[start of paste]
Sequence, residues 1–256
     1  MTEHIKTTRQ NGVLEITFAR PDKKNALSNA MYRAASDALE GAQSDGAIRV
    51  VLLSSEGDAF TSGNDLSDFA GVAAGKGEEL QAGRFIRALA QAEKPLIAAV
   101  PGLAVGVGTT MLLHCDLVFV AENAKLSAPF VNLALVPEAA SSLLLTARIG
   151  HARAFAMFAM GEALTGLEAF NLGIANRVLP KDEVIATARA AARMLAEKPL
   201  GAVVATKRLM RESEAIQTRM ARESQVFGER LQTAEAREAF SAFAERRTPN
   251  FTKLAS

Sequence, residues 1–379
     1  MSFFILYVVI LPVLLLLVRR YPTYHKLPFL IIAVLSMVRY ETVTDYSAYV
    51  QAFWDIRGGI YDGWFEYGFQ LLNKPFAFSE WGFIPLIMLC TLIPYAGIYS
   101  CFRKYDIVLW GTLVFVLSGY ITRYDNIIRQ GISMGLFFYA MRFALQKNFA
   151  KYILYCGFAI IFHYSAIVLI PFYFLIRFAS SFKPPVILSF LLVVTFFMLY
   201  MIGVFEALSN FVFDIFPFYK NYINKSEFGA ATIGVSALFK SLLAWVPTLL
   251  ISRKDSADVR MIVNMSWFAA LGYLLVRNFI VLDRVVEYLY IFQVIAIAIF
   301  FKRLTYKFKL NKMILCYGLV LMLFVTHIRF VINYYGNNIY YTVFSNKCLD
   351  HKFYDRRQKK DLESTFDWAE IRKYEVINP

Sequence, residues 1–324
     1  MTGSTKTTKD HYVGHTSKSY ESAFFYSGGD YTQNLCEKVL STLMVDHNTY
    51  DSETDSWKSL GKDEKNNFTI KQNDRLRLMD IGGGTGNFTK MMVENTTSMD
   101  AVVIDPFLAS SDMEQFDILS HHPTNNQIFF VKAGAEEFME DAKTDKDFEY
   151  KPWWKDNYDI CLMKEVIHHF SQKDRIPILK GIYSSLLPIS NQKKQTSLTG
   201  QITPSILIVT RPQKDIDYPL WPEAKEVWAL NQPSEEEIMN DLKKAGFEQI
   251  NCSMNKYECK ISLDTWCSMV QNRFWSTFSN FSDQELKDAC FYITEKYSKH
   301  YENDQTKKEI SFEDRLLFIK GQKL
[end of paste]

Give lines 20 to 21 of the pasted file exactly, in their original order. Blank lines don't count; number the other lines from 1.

   101  AVVIDPFLAS SDMEQFDILS HHPTNNQIFF VKAGAEEFME DAKTDKDFEY
   151  KPWWKDNYDI CLMKEVIHHF SQKDRIPILK GIYSSLLPIS NQKKQTSLTG